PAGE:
"Insatiable curiosity. If you don't have that, you will not be a successful intelligence officer," said Lt. Col. Mike Brady, a professor in the department.
Now celebrating its 175th anniversary, The Citadel has been adding new departments and degrees that reflect its changing role as a public military college in the post-9/11 era. The school introduced an undergraduate minor in cybersecurity in 2013 and a graduate certificate in cybersecurity in 2014.
Undergraduate students in the new Department of Intelligence and Security Studies will be required to learn the basics of cybersecurity, along with coursework that deals with psychology, data analysis and effective writing. They can choose from one of five concentration areas: Military Intelligence, Chinese Area Studies, Counterterrorism, Business Intelligence and General Intelligence.
"I don't know if it redefines the institution. I mean, some of those core principles of the school are going to be there," said Brady, a 1990 Citadel graduate. "We want to create disciplined and principled leaders; that's the mission of the school. But as we look at intelligence and security studies, we certainly have to adapt to the world around us."
The bachelor's program began quietly this fall, with little advertising after state authorities approved it in June. It already has 58 students, and some upperclassmen have expressed an interest in changing their major and entering the track.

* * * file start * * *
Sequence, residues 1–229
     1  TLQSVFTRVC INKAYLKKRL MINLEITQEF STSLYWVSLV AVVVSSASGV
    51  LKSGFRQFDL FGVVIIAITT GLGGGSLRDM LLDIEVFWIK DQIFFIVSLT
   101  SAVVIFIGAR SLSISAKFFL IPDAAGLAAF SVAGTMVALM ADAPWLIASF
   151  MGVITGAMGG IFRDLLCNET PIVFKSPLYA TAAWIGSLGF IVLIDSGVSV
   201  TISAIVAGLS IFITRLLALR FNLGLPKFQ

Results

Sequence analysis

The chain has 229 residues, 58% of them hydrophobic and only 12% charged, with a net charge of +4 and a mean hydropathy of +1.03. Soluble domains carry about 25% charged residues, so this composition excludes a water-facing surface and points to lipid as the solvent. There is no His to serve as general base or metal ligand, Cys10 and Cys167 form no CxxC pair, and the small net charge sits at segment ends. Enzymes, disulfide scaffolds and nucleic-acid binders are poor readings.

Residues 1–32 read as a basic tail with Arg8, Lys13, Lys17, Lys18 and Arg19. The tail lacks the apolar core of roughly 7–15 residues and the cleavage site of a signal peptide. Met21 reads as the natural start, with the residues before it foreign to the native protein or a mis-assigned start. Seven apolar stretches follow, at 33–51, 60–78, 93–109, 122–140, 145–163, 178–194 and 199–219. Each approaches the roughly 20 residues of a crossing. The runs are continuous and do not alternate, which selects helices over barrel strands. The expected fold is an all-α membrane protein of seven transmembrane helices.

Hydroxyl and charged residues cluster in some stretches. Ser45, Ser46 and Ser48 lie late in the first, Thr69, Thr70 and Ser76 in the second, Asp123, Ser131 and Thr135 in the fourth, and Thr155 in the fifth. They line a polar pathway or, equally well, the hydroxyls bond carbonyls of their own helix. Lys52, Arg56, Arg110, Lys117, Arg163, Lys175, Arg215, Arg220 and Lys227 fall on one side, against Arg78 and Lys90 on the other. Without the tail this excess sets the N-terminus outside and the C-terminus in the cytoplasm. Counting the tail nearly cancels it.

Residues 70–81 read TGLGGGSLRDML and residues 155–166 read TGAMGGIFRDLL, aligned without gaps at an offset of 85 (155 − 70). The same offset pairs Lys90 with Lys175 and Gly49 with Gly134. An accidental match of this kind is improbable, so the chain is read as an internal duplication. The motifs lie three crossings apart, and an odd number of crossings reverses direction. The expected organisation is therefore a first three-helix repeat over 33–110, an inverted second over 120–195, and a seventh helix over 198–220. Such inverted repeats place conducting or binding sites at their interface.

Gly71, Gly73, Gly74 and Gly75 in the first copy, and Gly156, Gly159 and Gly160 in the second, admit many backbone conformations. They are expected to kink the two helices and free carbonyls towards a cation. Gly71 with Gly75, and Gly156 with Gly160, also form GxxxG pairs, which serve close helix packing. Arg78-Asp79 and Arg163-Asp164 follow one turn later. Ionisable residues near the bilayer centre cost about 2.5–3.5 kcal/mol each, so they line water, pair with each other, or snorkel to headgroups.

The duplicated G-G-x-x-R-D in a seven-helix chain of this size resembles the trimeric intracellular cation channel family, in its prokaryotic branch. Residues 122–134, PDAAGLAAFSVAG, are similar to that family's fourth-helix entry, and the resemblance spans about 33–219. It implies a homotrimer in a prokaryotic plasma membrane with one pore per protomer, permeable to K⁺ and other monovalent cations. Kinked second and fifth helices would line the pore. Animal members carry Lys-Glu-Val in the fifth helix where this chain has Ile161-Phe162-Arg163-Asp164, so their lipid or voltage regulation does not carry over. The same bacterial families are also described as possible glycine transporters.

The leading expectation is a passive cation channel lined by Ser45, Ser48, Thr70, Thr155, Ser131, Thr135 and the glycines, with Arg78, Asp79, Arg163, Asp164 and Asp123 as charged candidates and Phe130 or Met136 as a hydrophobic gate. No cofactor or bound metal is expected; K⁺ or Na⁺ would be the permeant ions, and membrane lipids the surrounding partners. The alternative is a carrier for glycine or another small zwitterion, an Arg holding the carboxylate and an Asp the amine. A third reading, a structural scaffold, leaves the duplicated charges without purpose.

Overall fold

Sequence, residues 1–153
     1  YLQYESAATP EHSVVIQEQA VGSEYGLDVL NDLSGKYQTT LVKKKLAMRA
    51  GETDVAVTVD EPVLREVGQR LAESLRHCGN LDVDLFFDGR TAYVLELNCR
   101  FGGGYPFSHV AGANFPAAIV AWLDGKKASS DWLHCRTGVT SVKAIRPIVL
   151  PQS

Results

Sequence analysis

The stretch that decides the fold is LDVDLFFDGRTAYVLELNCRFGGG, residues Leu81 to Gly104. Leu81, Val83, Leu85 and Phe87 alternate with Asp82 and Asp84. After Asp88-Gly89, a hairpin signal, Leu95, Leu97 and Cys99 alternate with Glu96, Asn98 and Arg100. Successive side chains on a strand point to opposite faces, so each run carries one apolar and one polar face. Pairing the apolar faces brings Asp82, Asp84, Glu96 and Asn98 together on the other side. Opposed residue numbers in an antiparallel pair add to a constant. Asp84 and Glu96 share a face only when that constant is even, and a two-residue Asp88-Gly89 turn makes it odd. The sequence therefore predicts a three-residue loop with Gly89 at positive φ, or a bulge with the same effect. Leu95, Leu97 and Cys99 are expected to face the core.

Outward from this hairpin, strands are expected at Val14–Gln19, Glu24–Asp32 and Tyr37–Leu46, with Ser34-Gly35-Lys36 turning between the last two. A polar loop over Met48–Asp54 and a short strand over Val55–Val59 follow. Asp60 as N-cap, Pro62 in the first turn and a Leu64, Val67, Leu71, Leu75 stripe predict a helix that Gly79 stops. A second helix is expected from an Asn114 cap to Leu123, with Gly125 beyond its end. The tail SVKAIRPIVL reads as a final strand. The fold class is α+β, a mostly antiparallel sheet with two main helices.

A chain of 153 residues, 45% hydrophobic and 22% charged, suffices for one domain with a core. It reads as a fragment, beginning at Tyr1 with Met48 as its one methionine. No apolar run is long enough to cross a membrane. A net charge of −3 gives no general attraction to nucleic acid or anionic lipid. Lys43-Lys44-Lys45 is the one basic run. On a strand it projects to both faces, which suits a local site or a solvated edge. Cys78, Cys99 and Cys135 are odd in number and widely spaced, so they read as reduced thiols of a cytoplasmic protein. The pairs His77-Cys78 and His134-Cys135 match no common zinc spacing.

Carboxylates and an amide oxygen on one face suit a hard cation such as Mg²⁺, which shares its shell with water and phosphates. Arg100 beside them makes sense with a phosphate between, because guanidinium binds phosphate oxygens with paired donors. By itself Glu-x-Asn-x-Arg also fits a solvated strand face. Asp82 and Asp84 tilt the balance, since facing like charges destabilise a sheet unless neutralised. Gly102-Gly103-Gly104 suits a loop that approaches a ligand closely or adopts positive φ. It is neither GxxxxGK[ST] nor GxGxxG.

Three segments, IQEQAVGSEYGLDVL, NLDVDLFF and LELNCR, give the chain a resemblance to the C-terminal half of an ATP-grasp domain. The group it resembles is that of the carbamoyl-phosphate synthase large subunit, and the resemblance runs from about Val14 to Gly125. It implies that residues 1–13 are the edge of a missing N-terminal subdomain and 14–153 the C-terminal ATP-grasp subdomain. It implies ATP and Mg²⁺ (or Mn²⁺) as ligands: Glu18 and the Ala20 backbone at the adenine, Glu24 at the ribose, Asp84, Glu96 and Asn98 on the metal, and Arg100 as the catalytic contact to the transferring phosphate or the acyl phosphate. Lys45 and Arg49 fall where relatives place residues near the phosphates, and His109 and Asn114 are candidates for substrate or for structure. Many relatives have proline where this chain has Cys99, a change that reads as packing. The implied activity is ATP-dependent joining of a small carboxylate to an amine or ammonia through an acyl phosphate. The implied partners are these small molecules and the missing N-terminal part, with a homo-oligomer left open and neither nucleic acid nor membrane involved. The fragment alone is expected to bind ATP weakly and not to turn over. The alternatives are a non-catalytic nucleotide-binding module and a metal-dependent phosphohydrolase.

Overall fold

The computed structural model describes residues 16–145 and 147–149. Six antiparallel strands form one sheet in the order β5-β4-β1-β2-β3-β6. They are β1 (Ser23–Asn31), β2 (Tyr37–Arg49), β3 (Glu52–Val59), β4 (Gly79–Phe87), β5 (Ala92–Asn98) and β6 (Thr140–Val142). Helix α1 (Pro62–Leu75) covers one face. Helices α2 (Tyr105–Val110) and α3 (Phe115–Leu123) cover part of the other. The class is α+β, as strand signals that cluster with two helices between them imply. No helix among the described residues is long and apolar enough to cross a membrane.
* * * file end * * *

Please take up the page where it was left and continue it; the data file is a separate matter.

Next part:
The effort's faculty members bring real-world experience to the classroom. Brady's U.S. Army background includes long-range surveillance, interrogation and predictive analysis, and he served as director of the Presidential Emergency Operations Center on Sept. 11, 2001.
Other faculty members include Program Director Carl Jensen, a 22-year FBI veteran who worked as a forensic examiner and field agent, and Melissa Graves, an academic whose research has focused on how intelligence leaders interacted with U.S. presidents.
Courses include discussion of current events, from escalating nuclear tensions in North Korea to computer hacking attacks. Graves said she emphasizes ethical considerations involved in analyzing intelligence.
"The temptation might be to tell a policymaker what they want to hear or to let your own political viewpoints skew how you consider the information coming in," Graves said. "Those are things that we try to overcome and find tactics for dealing with."
Virginia native Brian Allen, a 23-year-old Marine Corps Reserve member, is among the first freshmen in the program. He said he initially planned to get a degree in business but the Intelligence and Security Studies program caught his eye.
"There's a lot of good knowledge that I'm learning in classes that also carries over to what I do in the Marine Corps still, so it gives me something to offer there," Allen said. In the Intro to Intel class it seems like every day ethics comes up, and there's at least a 15-minute discussion on that."